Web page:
Russell et al described the case of a 2 month-old boy with KHE and the KMP who developed Pneumocystis carinii pneumonia (PCP) while on sirolimus and a prednisolone taper, after lack of adequate response to prednisolone, propranolol, and vincristine. He had a prompt positive clinical and laboratory response to sirolimus, but 4 weeks after starting it, at the age of 4 months, he developed PCP. This led to respiratory failure, which required extracorporeal membrane oxygenation. Sirolimus was temporarily discontinued, and he was successfully treated for PCP with sulfamethoxazole-trimethoprim and methylprednisolone. He was restarted on sirolimus 3 weeks after discharge and given sulfamethoxazole-trimethoprim prophylaxis. At the age of 22 months, while still on sirolimus, the lesion continued to improve with test results revealing stable hemoglobin and platelet counts. The authors concluded that because PCP is a rare but life-threatening side effect of sirolimus therapy, especially in the setting of concurrent steroid treatment, Pneumocystis prophylaxis should be considered for patients receiving sirolimus. (9)

In a review of 61 patients with a variety of vascular anomalies (10 having KHE or TA with KMP) treated with sirolimus, grade 3 and higher toxicities attributable to sirolimus included blood/bone marrow toxicity in 27% of patients, gastrointestinal toxicity in 3%, and metabolic/laboratory toxicity in 3%. No toxicity-related deaths occurred. (10)

While there is merit in prescribing sirolimus for KHE (with or without KMP), I completely concur with Tower, in an editorial accompanying Ji et al, that future therapy will be based on a molecular understanding of KHE and KMP, with the development of targeted agents. (11)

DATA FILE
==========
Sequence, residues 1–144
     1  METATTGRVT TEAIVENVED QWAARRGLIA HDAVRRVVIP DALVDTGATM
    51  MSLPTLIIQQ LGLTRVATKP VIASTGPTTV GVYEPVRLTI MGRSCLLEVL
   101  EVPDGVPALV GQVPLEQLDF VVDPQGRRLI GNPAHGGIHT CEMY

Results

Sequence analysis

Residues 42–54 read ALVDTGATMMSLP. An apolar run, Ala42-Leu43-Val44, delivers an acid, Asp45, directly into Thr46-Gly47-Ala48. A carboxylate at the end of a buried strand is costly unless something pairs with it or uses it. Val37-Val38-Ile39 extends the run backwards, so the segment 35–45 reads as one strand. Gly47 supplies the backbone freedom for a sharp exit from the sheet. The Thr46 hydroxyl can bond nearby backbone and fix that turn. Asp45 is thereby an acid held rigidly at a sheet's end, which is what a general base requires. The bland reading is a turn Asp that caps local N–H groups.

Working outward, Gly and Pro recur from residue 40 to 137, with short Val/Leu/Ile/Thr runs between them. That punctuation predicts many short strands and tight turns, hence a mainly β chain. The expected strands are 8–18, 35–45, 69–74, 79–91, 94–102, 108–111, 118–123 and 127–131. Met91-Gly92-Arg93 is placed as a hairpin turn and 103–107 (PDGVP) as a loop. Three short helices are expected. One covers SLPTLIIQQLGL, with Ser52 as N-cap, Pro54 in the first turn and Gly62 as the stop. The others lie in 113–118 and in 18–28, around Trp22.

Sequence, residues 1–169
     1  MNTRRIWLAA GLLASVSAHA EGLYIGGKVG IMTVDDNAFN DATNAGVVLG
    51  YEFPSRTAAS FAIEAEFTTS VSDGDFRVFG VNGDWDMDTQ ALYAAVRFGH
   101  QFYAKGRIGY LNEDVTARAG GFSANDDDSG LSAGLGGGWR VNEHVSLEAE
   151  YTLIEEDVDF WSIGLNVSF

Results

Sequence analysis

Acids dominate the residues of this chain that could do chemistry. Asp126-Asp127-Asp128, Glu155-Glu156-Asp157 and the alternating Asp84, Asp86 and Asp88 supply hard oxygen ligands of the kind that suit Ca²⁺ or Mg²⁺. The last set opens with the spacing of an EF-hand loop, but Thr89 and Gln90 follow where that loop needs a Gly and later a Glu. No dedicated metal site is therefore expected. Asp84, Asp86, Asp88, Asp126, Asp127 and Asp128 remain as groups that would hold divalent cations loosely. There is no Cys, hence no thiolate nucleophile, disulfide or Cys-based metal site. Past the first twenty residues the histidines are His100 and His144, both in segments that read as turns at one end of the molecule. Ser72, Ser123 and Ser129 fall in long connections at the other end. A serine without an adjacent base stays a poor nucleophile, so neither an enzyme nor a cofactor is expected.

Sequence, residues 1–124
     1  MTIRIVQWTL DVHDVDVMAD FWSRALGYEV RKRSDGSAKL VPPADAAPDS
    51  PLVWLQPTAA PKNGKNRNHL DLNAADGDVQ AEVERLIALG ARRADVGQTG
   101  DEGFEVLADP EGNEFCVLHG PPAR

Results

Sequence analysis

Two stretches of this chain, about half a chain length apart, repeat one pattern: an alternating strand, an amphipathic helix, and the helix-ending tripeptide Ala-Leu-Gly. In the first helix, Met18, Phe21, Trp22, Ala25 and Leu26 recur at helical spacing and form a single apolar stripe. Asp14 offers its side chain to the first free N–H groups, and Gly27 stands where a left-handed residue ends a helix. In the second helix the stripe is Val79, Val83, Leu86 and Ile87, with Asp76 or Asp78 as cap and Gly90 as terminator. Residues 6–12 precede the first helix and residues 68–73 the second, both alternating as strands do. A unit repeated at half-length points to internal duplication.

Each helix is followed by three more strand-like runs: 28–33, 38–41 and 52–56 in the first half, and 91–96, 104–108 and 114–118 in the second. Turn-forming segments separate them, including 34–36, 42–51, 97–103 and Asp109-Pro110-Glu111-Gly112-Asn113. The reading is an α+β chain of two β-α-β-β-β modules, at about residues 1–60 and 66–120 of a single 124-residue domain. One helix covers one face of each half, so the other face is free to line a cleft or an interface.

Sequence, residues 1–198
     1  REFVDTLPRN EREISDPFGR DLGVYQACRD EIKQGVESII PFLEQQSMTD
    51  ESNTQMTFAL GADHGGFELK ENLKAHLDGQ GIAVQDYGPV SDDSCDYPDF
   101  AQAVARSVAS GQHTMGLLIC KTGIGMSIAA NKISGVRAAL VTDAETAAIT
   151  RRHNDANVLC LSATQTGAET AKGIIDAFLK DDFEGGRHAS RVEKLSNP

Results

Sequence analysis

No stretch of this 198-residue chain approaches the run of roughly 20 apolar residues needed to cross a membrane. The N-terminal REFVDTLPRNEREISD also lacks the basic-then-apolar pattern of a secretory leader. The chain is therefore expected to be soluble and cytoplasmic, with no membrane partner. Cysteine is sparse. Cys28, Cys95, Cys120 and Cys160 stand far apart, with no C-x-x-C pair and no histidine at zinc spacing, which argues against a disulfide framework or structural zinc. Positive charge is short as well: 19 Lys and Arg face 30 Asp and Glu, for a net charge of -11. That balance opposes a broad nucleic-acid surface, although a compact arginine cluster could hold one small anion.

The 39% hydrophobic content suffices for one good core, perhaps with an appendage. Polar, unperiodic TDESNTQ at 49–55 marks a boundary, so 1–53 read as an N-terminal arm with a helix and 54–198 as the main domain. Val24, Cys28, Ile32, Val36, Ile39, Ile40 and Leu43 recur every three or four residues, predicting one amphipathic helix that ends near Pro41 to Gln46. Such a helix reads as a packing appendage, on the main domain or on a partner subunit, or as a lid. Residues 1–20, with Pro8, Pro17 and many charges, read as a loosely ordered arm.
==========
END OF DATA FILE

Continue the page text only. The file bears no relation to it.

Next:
Point to remember: Sirolimus may be a valuable drug, either alone, or in combination with other therapies (such as steroids or vincristine) for the management of the Kasabach-Merritt phenomenon.

1. Kasabach HH, Merritt KK. Capillary hemangioma with extensive purpura: Report of a case. Am J Dis Child 1940; 59: 1063-70.
2. Lewis D, Vaidya R. Kasabach Merritt syndrome. StatPearls [Internet] Treasure Island (FL): StatPearls Publishing, 2018-2018 Jul 27
3. Mahajan P, et al. Kasabach-Merritt phenomenon: Classic presentation and management options. Clin Med Insights Blood Disord 2017 Mar 16;10:1179545X17699849
4. Ji Y, et al. Kaposiform haemangioendothelioma: Clinical features, complications, and risk factors for Kasabach-Merritt phenomenon. Br J Dermatol 2018; 179: 457-63.
5. Lei HZ, et al. Retrospective study on the outcomes of infantile tufted angioma complicated by Kasabach-Merritt phenomenon. Clin Chim Acta 2018; 486: 199-204.
6. Blatt J, et al. Treatment of childhood Kaposiform hemangioendothelioma with sirolimus. Pediatr Blood Cancer 2010; 55: 1396-8.
7. Cashell J, et al. Kaposiform hemangioendothelioma with Kasabach-Merritt phenomenon in an infant: Successful treatment with prednisolone, vincristine, and addition of sirolimus. Pediatr Blood Cancer 2018; Aug 1 [Epub ahead of print].
8. Ying H, et al. A case report of 2 sirolimus-related deaths among infants with Kaposiform hemangioendotheliomas. Pediatrics 2018; 141 (Suppl 5): S425-9.
9. Russell TB, et al. Pneumocystis jirovecii pneumonia during sirolimus therapy for Kaposiform hemangioendothelioma. Pediatrics 2018; 141 (Suppl 5): S421-4.
10. Adams DM, et al. Efficacy and safety of sirolimus in the treatment of complicated vascular anomalies. Pediatrics 2016; 137: 1-10.
11. Tower RL. Kaposiform haemangioendothelioma: New insights and old problems. Br J Dermatol 2018; 179: 253-4.